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Shortly after Google introduced its Buzz social media tool last week the security community lit up about its disastrous lack of privacy controls. Setting up an account opened up your contacts and everyone could see who you’d been in frequent contact with.

More than one commentator was shocked that Google would structure a product with so little concern for security. A piece in InfoWorld, entitled “Why Google Has Become Microsoft’s Evil Twin,” was especially hard hitting. Robert X. Cringely wrote: “The backlash over Google Buzz reveals an even bigger problem: The people behind the people’s search engine are deeply out of touch.”

“When you first go into Google Buzz, it automatically sets you up with followers and people to follow. … The problem is that — by default — the people you follow and the people that follow you are made public to anyone who looks at your profile. In other words, before you change any settings in Google Buzz, someone could go into your profile and see the people you email and chat with most …” he wrote.

Cringely also said that people he knew at Google were completely dumbfounded at the criticism.

By last Saturday Google had made some fixes and Todd Jackson, Product Manager of Gmail and Google Buzz wrote on the Official Gmail Blog:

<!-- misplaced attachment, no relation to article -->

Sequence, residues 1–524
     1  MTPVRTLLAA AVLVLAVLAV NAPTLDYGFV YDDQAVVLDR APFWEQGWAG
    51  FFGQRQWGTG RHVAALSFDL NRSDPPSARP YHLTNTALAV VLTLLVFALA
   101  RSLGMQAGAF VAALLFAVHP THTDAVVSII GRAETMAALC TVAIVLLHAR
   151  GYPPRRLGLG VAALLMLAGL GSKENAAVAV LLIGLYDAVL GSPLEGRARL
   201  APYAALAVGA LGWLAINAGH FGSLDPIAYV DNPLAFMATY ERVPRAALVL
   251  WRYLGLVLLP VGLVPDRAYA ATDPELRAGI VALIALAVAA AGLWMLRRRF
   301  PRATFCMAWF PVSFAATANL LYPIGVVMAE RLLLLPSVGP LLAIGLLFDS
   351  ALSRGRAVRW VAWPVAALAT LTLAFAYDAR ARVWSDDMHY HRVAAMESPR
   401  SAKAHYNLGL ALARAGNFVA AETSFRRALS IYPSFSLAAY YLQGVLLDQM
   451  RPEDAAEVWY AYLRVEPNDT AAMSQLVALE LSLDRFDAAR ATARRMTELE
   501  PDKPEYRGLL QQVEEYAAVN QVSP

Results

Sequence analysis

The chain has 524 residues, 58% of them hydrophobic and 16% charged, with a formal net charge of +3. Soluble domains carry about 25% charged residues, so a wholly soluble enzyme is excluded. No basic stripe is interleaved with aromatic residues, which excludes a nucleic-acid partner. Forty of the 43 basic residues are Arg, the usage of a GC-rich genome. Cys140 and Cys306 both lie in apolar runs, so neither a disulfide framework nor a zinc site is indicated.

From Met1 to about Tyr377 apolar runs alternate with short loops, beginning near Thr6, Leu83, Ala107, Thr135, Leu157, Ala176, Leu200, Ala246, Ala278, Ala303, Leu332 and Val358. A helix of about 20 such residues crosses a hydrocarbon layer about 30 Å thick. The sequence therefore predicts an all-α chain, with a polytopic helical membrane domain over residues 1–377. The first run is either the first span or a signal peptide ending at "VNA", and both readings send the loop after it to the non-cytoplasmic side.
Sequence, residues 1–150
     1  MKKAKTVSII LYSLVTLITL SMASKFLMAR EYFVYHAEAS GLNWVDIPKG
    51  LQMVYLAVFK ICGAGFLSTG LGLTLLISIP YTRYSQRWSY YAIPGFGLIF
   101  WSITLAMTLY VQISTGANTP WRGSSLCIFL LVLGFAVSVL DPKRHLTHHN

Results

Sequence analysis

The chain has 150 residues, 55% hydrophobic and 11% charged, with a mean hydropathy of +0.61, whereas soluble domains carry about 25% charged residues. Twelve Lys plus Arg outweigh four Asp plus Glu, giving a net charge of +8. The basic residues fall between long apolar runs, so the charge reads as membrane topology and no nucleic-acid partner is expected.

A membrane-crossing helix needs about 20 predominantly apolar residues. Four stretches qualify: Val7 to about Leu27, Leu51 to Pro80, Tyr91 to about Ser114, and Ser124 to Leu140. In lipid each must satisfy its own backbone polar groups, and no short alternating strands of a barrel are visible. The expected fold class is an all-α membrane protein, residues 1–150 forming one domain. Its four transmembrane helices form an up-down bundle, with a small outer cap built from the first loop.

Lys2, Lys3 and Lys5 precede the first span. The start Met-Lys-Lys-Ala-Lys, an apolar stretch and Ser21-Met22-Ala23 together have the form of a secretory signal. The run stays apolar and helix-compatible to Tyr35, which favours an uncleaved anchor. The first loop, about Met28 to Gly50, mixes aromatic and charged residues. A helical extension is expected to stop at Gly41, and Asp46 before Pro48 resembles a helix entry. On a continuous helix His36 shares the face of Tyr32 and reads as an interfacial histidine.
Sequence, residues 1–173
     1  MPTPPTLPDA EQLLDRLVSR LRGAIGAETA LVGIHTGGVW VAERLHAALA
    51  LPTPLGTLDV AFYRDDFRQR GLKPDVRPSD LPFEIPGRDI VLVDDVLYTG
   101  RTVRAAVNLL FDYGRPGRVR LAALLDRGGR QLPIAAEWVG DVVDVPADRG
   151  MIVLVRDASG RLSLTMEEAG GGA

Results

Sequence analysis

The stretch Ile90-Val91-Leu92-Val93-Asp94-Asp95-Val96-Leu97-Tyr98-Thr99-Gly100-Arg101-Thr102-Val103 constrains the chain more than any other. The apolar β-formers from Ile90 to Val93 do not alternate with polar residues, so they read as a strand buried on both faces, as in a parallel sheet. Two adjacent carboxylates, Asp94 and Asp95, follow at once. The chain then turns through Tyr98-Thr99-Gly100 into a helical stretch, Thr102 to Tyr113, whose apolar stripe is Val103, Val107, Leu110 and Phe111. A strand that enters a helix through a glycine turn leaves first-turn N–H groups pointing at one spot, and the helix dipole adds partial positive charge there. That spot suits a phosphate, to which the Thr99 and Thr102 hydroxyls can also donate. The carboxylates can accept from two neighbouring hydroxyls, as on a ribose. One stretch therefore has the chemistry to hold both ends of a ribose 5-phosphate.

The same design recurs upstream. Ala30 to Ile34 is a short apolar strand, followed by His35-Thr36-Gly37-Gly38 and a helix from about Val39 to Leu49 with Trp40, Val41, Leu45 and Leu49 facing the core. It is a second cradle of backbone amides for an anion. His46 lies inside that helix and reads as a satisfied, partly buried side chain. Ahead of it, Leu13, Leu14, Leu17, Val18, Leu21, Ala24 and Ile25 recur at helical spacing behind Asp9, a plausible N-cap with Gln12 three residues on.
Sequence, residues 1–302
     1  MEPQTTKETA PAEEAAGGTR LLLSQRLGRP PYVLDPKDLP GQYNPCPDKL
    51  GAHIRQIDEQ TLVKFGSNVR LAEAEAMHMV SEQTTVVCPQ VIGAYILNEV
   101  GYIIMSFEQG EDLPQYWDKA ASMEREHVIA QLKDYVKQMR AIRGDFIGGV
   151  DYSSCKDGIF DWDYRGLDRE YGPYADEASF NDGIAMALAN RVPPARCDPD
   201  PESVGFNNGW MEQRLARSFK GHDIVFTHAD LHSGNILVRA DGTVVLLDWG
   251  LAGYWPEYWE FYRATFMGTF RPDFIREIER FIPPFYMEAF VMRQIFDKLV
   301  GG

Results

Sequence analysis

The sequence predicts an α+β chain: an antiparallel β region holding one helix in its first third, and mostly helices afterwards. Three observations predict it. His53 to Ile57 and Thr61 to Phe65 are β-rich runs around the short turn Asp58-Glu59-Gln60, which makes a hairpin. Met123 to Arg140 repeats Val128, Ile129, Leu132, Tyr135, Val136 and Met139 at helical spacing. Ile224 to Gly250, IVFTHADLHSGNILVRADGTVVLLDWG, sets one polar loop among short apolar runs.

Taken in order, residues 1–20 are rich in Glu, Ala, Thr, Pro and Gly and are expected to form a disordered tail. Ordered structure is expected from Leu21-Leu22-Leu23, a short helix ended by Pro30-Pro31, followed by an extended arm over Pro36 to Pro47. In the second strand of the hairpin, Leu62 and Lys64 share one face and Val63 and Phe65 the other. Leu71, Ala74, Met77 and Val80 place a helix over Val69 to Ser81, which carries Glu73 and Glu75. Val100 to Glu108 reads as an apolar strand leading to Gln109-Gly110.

“We’ve heard your feedback loud and clear, and since we launched Google Buzz four days ago, we’ve been working around the clock to address the concerns you’ve raised. Today, we wanted to let you know about a number of changes we’ll be making over the next few days based on all the feedback we’ve received.”

By Thursday Google had made changes:

— They made the Buzz checkbox for choosing not to display personal information easier to find,
— replaced the auto-follow model (Buzz automatically sets users up to follow people they email and chat with) to an auto-suggest model,
— removed the automatic connection for public Picasa Web Albums and Google Reader shared items and
— added a tab to Gmail Settings to make it possible to hide Buzz from Gmail or disable it.

We commonly hear the “home user” criticized for being oblivious to security and privacy measures (failure to update, clicking on links and attachments in spam, poor password selection, posting personal information in public places and on, and on, and on.) You’d think that all the smart people at Google would have been more conscious of the problem. It’s great that they immediately made the fixes needed, but, it was shocking that it happened in the first place.

Generally, most people have a warm and fuzzy feeling about Google, or did. This episode is just one more wake-up call. We are all responsible for our own online security. We all have to keep up with current threats and can’t trust big institutions like Microsoft and now Google, to be some kind of parent figure.

Tom Kelchner